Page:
Know Your Facts When It Comes To Severe Weather

It’s been said that knowledge is power, but too much of the wrong knowledge can be dangerous.

That’s especially true when it comes to severe weather.

KX News Meteorologist Robert Suhr went to clarify some of the most widely believed severe weather myths.

Myths and Urban legends have been around for centuries.

And the weather is no different…there’s all sort of myths and legends…but if you don’t separate fact from fiction…it could cost you your life.

We’ll start with one we’ve all heard before… It’s sunny and dry where I’m at…so I must be safe from Lightning?

This one seems like common sense…but it’s not…even though you may be dry…lightning has been known to strike areas up to 15 miles away from the storm. They’re known as “Bolts from the blue” and even though they are rare it can happen.

“You could be standing somewhere the sun is shining on you, it’s dry, you can see the storm in the distance, but you feel safe because it seems far enough away, but in reality, lightning can strike quite far away from the thunderstorm itself, and if you’re unlucky enough, that could be you”. Said Meteorologist Tyler Krantz with the National Weather Service in Bismarck.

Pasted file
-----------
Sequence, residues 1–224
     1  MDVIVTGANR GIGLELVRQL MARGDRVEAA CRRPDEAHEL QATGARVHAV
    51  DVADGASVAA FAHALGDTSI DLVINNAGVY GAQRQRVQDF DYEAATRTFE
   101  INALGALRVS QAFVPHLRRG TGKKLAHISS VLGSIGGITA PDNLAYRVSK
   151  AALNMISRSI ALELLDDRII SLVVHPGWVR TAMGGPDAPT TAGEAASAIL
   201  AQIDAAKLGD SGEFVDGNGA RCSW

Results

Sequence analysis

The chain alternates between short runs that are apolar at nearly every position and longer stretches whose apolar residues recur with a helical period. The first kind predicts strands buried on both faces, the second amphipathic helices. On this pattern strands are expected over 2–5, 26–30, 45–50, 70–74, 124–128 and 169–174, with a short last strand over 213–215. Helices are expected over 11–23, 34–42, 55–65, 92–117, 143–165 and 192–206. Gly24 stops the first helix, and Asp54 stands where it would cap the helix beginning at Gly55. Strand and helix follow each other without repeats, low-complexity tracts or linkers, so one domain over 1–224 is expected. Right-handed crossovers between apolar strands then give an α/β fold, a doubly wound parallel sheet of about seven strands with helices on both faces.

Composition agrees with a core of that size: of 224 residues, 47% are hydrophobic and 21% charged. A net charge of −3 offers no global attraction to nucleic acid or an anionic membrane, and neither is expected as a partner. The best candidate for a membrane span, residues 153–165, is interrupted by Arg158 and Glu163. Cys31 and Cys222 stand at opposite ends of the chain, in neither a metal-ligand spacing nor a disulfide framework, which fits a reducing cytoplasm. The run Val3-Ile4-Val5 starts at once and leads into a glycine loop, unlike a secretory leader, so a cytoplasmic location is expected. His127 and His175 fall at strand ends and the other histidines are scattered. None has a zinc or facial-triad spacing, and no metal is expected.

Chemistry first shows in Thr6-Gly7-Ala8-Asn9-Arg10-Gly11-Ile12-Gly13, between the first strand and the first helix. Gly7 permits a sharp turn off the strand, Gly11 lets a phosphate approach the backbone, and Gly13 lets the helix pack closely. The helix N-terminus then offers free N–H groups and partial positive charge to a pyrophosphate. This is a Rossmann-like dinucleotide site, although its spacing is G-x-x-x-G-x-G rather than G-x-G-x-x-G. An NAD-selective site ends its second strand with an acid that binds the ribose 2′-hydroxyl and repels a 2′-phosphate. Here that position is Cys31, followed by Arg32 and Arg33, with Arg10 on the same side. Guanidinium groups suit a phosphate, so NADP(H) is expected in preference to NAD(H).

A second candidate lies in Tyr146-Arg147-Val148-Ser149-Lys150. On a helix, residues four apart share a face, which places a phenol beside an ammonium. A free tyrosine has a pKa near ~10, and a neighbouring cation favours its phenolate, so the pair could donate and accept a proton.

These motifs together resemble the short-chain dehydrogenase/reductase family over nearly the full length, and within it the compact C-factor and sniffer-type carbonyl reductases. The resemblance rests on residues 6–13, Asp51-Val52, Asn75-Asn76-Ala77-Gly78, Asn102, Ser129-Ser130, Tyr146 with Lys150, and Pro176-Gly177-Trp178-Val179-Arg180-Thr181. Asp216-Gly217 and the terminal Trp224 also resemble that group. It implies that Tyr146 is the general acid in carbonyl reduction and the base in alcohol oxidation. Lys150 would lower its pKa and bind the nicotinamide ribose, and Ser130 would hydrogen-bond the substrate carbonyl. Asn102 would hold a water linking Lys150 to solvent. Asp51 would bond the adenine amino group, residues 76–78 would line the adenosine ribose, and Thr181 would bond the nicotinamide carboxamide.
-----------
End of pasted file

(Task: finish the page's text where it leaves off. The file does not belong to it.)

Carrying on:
So if you’re anywhere near a storm…seek shelter at once.

Myth 2: Lightning Never Strikes the same place twice.
This is one of the most dangerous myths out there because despite being widely believed — it simply isn’t true.

There are known examples of slow-moving thunderstorms with dangerous lightning striking the same location multiple times.
Like this home in Texas getting struck twice in a matter of minutes.

A perfect example is New York’s Empire State Building which is struck by lightning about 100 times a year.

Myth 3: If a Tornado is approaching, open your windows to equalize the pressure. Krantz tells me opening your windows has no effect on pressure, it just puts you in greater danger…

“That is not safe, there’s really no reason to do that whatsoever, in reality, all that’s doing is decreasing the amount of time you have to get to your designated storm shelter,” Said Krantz

So if you hear something that doesn’t quite sound right…do a little homework…it could save your life.

Another widely believed myth is that after a long period of fog in the winter…a big winter storm usually hits about 90 days later, the weather service told me that myth gained traction simply because of how foggy it is up here coupled with winter storm frequency.

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